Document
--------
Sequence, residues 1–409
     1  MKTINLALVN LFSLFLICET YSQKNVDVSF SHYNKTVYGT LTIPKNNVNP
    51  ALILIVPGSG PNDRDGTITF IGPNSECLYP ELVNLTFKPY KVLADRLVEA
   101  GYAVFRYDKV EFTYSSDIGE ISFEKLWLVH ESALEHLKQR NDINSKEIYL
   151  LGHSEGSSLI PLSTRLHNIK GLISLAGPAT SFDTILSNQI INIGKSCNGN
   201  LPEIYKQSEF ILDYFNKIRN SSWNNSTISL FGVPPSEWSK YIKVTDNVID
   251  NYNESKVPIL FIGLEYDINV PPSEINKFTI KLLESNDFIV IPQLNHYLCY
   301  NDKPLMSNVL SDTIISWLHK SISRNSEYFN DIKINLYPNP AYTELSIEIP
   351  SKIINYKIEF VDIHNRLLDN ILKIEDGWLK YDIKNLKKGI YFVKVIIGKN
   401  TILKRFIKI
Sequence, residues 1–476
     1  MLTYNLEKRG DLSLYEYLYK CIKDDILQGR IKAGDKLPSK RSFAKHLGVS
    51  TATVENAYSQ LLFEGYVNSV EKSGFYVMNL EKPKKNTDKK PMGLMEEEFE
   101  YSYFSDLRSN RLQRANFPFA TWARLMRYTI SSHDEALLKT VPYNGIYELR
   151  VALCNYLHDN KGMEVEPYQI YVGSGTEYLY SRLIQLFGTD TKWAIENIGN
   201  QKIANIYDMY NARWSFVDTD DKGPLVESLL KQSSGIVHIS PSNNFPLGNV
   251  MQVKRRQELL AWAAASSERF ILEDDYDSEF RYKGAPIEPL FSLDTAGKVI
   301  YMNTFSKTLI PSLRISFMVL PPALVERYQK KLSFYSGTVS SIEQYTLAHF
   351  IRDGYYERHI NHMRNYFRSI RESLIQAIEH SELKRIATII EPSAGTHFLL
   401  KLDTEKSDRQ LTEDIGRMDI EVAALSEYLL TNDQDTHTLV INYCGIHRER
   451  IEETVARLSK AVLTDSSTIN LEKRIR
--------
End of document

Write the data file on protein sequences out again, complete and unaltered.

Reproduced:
Sequence, residues 1–409
     1  MKTINLALVN LFSLFLICET YSQKNVDVSF SHYNKTVYGT LTIPKNNVNP
    51  ALILIVPGSG PNDRDGTITF IGPNSECLYP ELVNLTFKPY KVLADRLVEA
   101  GYAVFRYDKV EFTYSSDIGE ISFEKLWLVH ESALEHLKQR NDINSKEIYL
   151  LGHSEGSSLI PLSTRLHNIK GLISLAGPAT SFDTILSNQI INIGKSCNGN
   201  LPEIYKQSEF ILDYFNKIRN SSWNNSTISL FGVPPSEWSK YIKVTDNVID
   251  NYNESKVPIL FIGLEYDINV PPSEINKFTI KLLESNDFIV IPQLNHYLCY
   301  NDKPLMSNVL SDTIISWLHK SISRNSEYFN DIKINLYPNP AYTELSIEIP
   351  SKIINYKIEF VDIHNRLLDN ILKIEDGWLK YDIKNLKKGI YFVKVIIGKN
   401  TILKRFIKI
Sequence, residues 1–476
     1  MLTYNLEKRG DLSLYEYLYK CIKDDILQGR IKAGDKLPSK RSFAKHLGVS
    51  TATVENAYSQ LLFEGYVNSV EKSGFYVMNL EKPKKNTDKK PMGLMEEEFE
   101  YSYFSDLRSN RLQRANFPFA TWARLMRYTI SSHDEALLKT VPYNGIYELR
   151  VALCNYLHDN KGMEVEPYQI YVGSGTEYLY SRLIQLFGTD TKWAIENIGN
   201  QKIANIYDMY NARWSFVDTD DKGPLVESLL KQSSGIVHIS PSNNFPLGNV
   251  MQVKRRQELL AWAAASSERF ILEDDYDSEF RYKGAPIEPL FSLDTAGKVI
   301  YMNTFSKTLI PSLRISFMVL PPALVERYQK KLSFYSGTVS SIEQYTLAHF
   351  IRDGYYERHI NHMRNYFRSI RESLIQAIEH SELKRIATII EPSAGTHFLL
   401  KLDTEKSDRQ LTEDIGRMDI EVAALSEYLL TNDQDTHTLV INYCGIHRER
   451  IEETVARLSK AVLTDSSTIN LEKRIR